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There are primarily two business models in software development for mobile applications i.e., closed source model and the open source model wherein the former refers to a system where the underlying source code running the application is not released to public view and cannot be modified by application users, hence the term "closed" , however the latter refers to a system where most if not all of the code is released to the user to be able to modify or enhance the code to suit his requirements. 
The iOS like all other proprietary software has a SDK - Software development kit which forms the backbone for all application development as it contains all relevant libraries. It has to be noted here that the programming language used is Objective-C. The next step in the process is to open an application called Xcode, an integrated development environment for creating iOS and Mac OS X applications. Xcode has several user interface builder windows  which is up to the developer to design.
Fig. User interface builder windows
Following this the developer has to write the source code for the app creating a clear inter-connect between the code and the UI, to send and receive messages between the two.
Once this part is completed we begin the next phase of testing where we can write test cases and test suites to check if the application features perform as desired or the built in simulator of Xcode. Test driven development can be used for these apps. Once satisfied with results the software can be deployed on the iphone for actual testing . For this the developer must complete the Appstore registration with Apple. All applications must comply with the SDK agreement, wherein there can be no two identical applications and all applications have to be submitted to apple for approval or rejection. Apps have to pass through Apple for reliability testing and analysis to make sure the smooth functioning on devices. Rejected apps get feedback on grounds of rejection and apps are given ratings in the app store bearing in mind the targeted audience
e.g. 4+ - Contains no objectionable material.
9+ - May contain mild or infrequent occurrences of cartoon, fantasy or realistic violence, and infrequent or mild mature, suggestive, or horror-themed content which may not be suitable for children under the age of 9.
This concludes the App development process on the iOS.
2.2 Android OS
The Android OS like the iOS comes with an SDK given by Google . As mentioned earlier it's source code is "open" and was a result of Google's experiences with creating mobile applications and in the philosophies that govern them .The development process is as follows, the coding takes place is the Eclipse IDE with the Android Development Tools Plugin. Code is written in C,C++ and Java for the UI. The plugin for Eclipse creates powerful extensions enabling creation and debugging really quickly .
In brief the process involves writing this code and then running the package/app under an emulator which models real world devices.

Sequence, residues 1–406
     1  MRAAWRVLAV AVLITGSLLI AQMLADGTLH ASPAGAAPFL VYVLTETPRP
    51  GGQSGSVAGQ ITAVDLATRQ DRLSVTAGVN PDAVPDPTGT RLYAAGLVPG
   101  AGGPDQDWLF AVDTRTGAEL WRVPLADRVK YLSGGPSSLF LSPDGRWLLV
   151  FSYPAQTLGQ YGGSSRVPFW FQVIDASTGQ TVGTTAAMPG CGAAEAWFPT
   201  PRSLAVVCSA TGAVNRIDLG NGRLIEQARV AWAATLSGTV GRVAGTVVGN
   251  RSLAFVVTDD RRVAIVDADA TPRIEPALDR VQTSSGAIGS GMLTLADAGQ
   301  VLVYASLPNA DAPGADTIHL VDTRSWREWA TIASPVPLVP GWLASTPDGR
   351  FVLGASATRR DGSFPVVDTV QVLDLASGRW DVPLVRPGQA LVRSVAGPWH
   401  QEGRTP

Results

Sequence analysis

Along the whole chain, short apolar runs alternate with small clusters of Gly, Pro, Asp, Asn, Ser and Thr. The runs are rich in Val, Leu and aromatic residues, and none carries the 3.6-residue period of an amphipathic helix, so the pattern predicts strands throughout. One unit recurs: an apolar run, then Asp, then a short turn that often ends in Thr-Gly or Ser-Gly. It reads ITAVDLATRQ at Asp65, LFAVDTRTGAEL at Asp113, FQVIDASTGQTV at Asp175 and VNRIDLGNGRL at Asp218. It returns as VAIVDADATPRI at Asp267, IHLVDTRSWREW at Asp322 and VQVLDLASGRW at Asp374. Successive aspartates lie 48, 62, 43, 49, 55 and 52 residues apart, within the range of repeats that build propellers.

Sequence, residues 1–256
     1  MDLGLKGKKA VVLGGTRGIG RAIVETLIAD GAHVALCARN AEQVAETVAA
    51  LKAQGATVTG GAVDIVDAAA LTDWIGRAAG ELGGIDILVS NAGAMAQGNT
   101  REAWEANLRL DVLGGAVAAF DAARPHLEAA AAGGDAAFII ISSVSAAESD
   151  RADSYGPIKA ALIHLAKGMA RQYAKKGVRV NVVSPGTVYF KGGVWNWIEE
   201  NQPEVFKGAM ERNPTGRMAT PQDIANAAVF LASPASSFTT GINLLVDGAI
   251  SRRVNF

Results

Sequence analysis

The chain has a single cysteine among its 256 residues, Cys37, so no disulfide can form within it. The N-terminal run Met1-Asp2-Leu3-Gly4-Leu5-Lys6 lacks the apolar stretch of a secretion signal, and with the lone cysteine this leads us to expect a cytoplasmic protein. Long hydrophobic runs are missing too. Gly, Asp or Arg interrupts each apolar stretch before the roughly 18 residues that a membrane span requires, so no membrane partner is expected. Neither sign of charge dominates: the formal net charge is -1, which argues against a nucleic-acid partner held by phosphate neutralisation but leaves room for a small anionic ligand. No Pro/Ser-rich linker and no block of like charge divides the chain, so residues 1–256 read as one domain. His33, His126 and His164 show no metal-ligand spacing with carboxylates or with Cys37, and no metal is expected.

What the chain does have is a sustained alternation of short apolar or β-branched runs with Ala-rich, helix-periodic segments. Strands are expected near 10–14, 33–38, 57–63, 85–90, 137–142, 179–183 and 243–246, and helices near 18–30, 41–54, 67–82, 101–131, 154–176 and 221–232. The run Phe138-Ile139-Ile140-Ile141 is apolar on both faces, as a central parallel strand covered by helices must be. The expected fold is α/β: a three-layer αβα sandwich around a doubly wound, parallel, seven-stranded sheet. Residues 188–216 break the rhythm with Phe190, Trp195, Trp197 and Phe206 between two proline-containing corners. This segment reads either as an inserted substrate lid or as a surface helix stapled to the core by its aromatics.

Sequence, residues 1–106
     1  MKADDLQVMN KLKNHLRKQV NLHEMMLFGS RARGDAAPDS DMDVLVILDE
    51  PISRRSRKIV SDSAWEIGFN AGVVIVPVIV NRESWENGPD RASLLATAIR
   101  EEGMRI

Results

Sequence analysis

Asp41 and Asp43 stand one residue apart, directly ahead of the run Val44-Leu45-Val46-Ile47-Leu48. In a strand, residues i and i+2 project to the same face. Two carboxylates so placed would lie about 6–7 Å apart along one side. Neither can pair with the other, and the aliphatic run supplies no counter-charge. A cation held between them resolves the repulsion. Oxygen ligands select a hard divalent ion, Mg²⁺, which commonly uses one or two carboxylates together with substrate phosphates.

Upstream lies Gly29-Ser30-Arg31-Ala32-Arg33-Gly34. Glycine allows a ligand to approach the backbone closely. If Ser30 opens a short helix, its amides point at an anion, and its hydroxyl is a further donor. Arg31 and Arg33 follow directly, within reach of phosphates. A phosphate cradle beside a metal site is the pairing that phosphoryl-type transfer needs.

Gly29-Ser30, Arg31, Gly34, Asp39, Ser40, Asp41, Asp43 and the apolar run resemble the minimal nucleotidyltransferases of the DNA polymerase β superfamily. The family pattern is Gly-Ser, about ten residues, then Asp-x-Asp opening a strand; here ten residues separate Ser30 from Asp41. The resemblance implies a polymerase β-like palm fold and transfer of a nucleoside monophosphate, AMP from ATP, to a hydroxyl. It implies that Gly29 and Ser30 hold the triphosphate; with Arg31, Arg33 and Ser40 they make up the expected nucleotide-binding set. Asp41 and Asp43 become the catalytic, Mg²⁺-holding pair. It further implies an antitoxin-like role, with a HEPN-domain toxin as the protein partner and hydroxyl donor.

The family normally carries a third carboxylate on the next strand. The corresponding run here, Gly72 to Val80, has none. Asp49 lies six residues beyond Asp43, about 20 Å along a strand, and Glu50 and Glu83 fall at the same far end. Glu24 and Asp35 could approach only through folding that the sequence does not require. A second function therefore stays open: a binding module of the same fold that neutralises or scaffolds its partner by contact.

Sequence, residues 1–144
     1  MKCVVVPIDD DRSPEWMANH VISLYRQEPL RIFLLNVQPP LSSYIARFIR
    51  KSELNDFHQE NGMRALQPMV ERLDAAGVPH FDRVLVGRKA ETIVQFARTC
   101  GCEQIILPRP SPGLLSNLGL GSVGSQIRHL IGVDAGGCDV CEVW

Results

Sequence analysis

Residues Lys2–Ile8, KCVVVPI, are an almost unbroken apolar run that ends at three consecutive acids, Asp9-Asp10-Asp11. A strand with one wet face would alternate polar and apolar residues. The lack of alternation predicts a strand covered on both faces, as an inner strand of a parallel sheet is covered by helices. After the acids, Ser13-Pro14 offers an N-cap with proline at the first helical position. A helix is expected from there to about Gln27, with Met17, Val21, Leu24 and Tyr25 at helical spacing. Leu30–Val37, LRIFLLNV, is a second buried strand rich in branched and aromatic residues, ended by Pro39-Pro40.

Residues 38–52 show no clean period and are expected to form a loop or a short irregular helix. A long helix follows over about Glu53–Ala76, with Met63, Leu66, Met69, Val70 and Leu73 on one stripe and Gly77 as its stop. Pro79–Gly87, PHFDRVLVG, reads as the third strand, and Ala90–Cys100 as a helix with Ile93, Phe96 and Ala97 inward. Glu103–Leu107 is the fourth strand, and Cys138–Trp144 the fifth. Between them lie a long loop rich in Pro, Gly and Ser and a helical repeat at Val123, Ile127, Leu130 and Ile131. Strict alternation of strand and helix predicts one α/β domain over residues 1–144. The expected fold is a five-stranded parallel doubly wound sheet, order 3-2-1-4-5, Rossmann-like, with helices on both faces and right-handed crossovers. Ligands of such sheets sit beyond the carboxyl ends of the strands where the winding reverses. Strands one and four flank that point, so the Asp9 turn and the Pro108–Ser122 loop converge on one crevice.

This enables us to test the app on the computer itself without running it on the phone. For this the Android Virtual Device (AVD) is used .
On satisfactorily test running the app it is ready for deployment on the actual phone after installation through USB. Digital signatures are added before completion of the app to verify author identity and establishing trust relationships between applications, which is vital since other applications may use services of one application. The app is mostly additionally optimized by using the zipalign tool.On creating a Google account one can upload and publish apps on the Android market from where people can view and download .
The android system allows users to make upgrades and strongly recommends use of versions but however does check for minimum compliance with the API with which is compatible.
For updates to appear on App Store as stated earlier the newer versions would have to be submitted to apple for review and published pending approval.
4 Tools used for development
We have already seen various tools used for developing applications, these are the most basic and essential tools required. For a more exhaustive list and their functionalities the following Urls can be referred .
5 Open Vs Closed system
The open system has no stringent checks in place to check for reliability whereas Apply use stringent quality checking.
Closed systems don't allow users the flexibility to do as they please with their phones and are forced to rely on a single repository, on the other hand open systems allow you to be far more flexible.
As a developer a one-time fee of $99 is charged to publish your application on the closed system, the open system does not have any such costs .
The policy adopted by the company on which model they use can adversely impact sales depending on how strongly the end user feels about the product and its usability, which is largely influenced by articles on the internet!